How Virtual Field Trips Bring Animals, Art, Music, and More Directly to Students | TBEN News


Among her childhood artistic inspirations, the spoken word artist and singer IMF remembers visitors to her school assemblies. Seeing performers and creative artists spoken at a young age strengthened her confidence to continue in this direction; She hopes to complete the circle with virtual excursion experiences she took part in this month with the Art Gallery of Ontario.

“I hope there is someone out there today who is watching and [thinking]“I can do it and I will start,” the Toronto singer and spoken word artist said of her Friday sessions with her musical partner Raffiki.

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In live broadcast sessions, moderated by an AGO specialist, IMF and Raffiki reflect on specific works of art from the gallery’s collection, then present new creations inspired by those works. Woven over the course of the half-hour tours, they answer questions from discussion forums and comments from students who log in from their homes and classrooms.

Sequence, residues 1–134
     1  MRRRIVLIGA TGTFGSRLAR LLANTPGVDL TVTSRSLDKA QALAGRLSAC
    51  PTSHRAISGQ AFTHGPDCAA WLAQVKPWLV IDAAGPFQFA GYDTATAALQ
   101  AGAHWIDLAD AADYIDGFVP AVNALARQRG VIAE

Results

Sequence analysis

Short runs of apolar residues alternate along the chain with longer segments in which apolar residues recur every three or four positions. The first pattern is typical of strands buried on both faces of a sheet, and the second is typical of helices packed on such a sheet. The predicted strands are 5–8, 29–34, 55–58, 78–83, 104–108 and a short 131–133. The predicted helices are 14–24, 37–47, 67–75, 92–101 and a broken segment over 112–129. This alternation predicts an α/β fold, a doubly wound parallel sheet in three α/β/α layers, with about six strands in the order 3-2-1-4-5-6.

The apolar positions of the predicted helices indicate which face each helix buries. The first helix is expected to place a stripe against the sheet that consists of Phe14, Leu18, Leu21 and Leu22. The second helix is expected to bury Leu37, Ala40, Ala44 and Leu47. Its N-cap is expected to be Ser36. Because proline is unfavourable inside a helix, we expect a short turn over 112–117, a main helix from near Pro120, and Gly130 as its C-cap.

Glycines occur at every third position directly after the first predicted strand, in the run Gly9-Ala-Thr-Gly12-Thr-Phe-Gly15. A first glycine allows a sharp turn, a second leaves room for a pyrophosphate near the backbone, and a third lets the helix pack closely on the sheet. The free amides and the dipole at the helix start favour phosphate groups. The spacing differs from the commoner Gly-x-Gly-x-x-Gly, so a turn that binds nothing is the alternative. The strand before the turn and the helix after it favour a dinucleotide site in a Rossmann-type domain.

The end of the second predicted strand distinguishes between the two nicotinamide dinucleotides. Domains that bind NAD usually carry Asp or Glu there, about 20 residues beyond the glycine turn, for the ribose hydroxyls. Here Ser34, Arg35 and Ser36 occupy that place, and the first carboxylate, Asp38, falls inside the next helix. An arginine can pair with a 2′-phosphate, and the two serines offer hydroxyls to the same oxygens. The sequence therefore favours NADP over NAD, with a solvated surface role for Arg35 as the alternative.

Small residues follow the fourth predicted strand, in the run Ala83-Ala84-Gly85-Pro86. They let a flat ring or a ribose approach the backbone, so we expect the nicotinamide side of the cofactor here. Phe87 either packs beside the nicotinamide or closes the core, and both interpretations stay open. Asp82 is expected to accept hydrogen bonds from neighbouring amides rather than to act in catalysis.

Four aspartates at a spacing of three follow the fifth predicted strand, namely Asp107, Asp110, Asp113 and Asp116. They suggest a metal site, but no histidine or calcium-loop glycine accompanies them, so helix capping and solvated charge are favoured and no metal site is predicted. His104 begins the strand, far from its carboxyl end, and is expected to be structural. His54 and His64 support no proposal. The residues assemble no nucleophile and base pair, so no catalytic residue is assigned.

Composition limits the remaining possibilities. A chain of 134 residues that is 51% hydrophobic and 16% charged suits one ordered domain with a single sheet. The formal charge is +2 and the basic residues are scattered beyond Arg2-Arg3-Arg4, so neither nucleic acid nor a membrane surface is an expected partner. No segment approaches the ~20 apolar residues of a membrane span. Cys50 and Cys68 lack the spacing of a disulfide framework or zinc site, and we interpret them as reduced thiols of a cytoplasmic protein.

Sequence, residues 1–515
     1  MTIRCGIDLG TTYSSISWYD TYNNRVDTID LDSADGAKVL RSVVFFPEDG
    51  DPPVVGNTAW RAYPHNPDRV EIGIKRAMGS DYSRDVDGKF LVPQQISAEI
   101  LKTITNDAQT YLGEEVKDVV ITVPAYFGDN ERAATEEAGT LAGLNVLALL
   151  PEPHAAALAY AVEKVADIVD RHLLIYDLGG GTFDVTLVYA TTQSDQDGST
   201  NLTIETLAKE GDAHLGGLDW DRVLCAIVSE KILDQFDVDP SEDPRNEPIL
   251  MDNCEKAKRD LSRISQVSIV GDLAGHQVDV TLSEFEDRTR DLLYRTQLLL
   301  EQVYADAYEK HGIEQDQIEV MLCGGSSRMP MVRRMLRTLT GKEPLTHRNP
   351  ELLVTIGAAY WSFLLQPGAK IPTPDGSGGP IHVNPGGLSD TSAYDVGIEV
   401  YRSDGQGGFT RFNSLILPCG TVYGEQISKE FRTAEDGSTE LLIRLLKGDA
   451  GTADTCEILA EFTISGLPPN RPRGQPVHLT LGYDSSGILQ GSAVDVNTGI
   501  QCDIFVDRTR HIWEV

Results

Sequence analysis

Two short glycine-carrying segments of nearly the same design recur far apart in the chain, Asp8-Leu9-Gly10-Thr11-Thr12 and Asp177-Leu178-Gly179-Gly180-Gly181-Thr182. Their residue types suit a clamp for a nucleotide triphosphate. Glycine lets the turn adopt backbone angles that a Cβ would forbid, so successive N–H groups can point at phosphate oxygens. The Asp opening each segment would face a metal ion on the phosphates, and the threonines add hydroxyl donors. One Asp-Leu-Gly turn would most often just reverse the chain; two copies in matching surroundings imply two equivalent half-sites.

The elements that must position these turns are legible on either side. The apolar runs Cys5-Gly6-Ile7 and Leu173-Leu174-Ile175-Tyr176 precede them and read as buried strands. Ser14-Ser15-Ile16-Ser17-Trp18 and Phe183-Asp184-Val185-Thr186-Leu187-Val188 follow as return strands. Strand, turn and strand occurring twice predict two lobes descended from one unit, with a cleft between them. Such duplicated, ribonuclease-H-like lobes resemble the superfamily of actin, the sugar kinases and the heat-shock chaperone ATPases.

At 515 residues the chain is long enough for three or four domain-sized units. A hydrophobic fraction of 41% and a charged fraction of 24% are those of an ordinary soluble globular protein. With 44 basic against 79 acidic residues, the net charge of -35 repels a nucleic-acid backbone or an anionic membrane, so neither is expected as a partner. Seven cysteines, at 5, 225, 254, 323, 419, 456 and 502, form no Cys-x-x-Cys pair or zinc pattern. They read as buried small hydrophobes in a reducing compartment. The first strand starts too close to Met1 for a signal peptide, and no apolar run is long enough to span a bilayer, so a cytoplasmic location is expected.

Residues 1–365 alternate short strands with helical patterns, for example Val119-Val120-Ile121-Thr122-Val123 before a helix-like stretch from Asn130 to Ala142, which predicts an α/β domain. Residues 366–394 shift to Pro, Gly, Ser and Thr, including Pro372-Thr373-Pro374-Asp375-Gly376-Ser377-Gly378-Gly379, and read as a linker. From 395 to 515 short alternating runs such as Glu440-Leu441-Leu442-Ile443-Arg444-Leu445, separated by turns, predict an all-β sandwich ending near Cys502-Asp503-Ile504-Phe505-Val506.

“I want kids to be inspired to take that and create something on their own. Art is beautiful. It’s powerful. We’re able to have these important conversations using art and really do the light on black creatives and black artists, ”IMF mentioned.

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The musical and lyric duo The IMF, right, and Raffiki joined some of the Art Gallery of Ontario’s virtual tours each week this month. (SINCE)

“Watch [an artwork], having these conversations, but then presenting this aural piece where we have the music playing – DJ Raffiki with his set, then me being able to sing and him accompanying me on the drums – it was amazing. The feedback was excellent. “